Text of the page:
Paul Merson has opened up during Mental Health Awareness Week on how drink, drugs and gambling pushed him to a dark place and hopes he can help others.

The Arsenal legend and now Sky Sports pundit struggled with mental health issues during his playing career, though admits everything looked fine from the outside.

Merson was playing for one of the world’s most successful football clubs and holding down a starting position week-in week-out, but was hampered by inner demons.

It was a mad cycle, I’d gamble so much that I’d drink and when I drunk I’d be out so I’d score. But it was the come-downs, Merson told Sky Sports.

I used to live 10 minutes from the training ground and it used to take me an hour to get to work because if a car was behind me for 30 seconds I’d pull over because I’d think they were going to kill me.

Merson’s state of mental health was made worse by his struggles with addiction.

The first time I ever took cocaine, I went into a pub to meet a mate of mine in Boreham Wood. I walked into the wrong pub, full of Arsenal fans, all taking drugs. [They asked] ‘Do you want some?’ but no, not for me.

I went home but knew next weekend I was going back. It was the weirdest feeling I’ve ever had in my life but all week I knew I was going back.

I played Everton on the Saturday, chipped Neville Southall and scored a good goal and I was excited all the way home and thought, ‘I’m just going straight to the pub, I’m going to that pub’ and it was like it wasn’t me.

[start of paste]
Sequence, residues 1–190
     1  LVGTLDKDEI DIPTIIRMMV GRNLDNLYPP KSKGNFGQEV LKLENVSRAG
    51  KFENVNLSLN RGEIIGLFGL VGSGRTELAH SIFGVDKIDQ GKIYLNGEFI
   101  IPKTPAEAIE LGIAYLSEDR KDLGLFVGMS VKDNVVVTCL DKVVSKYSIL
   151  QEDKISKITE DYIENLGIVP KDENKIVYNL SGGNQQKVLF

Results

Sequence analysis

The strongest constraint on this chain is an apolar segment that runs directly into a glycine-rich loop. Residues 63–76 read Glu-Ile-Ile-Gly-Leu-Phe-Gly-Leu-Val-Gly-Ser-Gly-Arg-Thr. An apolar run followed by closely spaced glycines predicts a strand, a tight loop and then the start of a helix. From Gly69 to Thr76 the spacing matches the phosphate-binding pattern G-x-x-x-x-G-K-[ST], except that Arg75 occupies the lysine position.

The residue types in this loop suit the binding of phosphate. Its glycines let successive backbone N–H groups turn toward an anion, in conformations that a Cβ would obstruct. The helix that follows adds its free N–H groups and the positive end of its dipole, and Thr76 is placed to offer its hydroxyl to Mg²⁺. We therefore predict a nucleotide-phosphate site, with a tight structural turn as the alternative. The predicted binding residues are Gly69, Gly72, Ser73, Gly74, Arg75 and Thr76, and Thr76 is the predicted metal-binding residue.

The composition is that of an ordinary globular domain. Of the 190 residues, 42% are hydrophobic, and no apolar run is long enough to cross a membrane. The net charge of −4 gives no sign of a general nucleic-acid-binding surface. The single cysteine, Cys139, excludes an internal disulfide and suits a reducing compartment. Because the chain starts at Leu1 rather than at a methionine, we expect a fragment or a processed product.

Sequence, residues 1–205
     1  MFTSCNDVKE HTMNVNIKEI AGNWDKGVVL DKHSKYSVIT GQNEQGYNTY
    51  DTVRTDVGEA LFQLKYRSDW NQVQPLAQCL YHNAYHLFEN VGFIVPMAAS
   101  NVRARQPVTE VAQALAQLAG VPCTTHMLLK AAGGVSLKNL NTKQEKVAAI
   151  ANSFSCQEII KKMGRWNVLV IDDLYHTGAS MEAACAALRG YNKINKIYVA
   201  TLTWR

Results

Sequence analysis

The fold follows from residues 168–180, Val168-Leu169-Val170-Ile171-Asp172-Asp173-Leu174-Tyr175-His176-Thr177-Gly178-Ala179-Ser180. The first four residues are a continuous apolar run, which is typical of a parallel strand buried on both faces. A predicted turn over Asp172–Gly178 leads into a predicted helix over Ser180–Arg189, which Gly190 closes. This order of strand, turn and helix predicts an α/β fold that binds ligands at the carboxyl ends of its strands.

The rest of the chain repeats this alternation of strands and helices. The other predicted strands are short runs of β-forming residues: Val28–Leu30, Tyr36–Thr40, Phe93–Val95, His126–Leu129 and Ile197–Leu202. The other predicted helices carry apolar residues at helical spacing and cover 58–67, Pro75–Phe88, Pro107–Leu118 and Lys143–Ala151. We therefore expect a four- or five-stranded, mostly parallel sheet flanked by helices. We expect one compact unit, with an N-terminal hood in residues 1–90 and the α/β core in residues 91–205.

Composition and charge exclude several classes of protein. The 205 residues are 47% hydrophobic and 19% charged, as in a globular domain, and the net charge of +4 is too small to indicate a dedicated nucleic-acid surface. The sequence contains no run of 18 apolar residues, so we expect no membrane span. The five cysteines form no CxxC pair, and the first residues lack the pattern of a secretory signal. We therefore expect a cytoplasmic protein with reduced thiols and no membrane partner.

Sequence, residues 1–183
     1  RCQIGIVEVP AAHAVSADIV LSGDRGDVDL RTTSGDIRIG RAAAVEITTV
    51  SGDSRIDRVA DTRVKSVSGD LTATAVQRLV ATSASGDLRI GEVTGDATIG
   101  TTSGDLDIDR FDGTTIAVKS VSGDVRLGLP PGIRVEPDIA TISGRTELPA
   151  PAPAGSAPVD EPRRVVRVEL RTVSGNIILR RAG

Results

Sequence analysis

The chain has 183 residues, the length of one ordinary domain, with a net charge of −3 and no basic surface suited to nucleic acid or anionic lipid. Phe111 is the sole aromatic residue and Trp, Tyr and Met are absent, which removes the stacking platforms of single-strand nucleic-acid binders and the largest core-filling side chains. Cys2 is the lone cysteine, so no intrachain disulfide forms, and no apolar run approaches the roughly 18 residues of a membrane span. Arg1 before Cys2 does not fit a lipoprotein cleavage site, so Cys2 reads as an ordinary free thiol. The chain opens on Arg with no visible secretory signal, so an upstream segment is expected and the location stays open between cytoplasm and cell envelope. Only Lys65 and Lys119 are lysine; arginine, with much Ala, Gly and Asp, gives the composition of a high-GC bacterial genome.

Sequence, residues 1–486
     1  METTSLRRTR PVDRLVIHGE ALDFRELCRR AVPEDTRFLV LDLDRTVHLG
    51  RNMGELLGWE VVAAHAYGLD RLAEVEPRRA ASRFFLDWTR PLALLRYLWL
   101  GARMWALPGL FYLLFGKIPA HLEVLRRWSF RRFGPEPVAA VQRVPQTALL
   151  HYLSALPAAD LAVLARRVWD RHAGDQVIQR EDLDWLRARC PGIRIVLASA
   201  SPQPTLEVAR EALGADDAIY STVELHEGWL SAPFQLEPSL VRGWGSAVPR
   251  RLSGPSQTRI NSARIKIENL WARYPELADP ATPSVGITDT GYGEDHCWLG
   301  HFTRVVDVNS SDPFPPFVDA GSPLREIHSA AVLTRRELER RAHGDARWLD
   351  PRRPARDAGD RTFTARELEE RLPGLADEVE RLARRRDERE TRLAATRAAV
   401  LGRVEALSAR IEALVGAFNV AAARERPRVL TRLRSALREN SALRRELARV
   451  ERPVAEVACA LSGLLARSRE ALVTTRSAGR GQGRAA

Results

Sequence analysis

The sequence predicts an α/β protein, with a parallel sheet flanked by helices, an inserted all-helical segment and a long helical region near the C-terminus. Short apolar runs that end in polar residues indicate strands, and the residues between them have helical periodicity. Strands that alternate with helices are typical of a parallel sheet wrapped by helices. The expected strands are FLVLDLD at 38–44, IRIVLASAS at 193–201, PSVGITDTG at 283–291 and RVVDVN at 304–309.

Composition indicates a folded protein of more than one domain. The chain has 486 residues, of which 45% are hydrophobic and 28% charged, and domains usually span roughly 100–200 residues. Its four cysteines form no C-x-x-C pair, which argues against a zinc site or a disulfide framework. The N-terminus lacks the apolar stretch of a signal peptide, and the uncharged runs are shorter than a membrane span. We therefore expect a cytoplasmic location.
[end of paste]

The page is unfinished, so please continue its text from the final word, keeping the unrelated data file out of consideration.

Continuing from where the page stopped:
I used to drive to work in the mornings with the paranoia and I could literally hear in my head going ‘just pull in front of the truck. If you pull in front of it it’ll smash you and you’ll be dead’. Constantly having that voice in my head.

Merson has urged people to always seek out help wherever possible and constantly talk if they have mental health issues.

One thing I kept on telling myself was ‘I am sick, I’m not a bad person’, but when I am sick that’s not me. I think it’s an illness and people who have got it are sick, they’re not well but they’re not bad people.

There is help out there, I’ve seen it, I’ve seen a million good stories. More good stories outweigh the bad ones. When you hear the bad stories they’re as sad as they come but there is help out there and you have to talk.

Mental Health Awareness Week is hosted by the Mental Health Foundation. Click here for more information.

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(c) Sky News 2018: Mental Health Awareness Week: Paul Merson opens up on drink and drugs pain